Day of terror sees carnage in Ankara and Africa

Yıldız Yazıcıoğlu


A MASSIVE explosion has torn through the Turkish capital Ankara killing at least 27 people and wounding 75 with Kurdish militants suspected to be behind the blast.

A reported suicide bomber struck a transit hub on the evening of Sunday March 13 that had around ten buses in the vicinity. The Turkish government has ordered an immediate media blackout on the incident and local residents are now unable to access Facebook or Twitter.

Ankara has been the site of a multitude of deadly terrorist attacks in recent months with hundreds killed and injured. This strike comes as the Turkish authorities continue to intensify their campaign against Kurdish separatists in the south-east of the country who are also fighting against Daesh in northern Syria.

The news comes as 16 people were confirmed killed by gunmen at a tourist resort in the Ivory Coast.

Six attackers are thought to have been behind the targeted assault on the seaside town of Grand-Bassam popular with holidaymakers. Authorities have claimed that four European tourists and two policemen died while all six gunmen were shot dead by security forces.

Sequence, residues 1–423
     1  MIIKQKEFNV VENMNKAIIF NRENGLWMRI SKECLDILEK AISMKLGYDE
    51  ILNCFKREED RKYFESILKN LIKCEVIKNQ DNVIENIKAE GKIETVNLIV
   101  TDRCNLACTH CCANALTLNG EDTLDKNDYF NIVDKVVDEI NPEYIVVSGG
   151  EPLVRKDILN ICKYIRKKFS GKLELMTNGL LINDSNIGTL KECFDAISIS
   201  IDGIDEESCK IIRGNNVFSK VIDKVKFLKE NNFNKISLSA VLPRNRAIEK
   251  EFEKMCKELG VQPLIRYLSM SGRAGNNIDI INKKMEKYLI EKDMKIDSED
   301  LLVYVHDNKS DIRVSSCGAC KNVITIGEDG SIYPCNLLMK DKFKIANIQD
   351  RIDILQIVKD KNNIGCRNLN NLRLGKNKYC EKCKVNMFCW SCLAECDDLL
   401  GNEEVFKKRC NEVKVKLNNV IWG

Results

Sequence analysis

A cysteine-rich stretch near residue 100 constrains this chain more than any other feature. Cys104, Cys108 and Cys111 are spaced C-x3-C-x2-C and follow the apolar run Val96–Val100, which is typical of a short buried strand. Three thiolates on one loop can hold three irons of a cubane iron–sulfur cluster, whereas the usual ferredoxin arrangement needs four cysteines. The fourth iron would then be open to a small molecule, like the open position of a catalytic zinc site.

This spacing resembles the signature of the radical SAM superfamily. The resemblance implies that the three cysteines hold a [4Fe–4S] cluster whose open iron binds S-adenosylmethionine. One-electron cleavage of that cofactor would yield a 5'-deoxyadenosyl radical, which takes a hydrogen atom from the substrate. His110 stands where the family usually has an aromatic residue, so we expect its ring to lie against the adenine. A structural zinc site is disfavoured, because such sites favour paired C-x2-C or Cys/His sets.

THe attack raises fears that the threat from jihadi extremism is growing in west Africa folowing Boko Haram’s murderous raids on Nigerian villages and a near Al-Quada take-over of neighbouring Mali.

The British Foreign Office has released a statement saying

“On 13 March there have been reports of an armed attack at Grand-Bassam resort, near Abidjan. You should avoid the area if possible. If you are in the vicinity follow the instructions of the security authorities.

“There is a high threat from terrorism. You should be vigilant after recent attacks in Mali and Burkina Faso. Attacks could be indiscriminate, including in places visited by foreigners.”

If confirmed as a jihadi linked attack it would be the first of its nature in the Ivory Coast which, although suffering a recent civil war, has seen its mixed Christian and Muslim population live in relative peace from terrorism.

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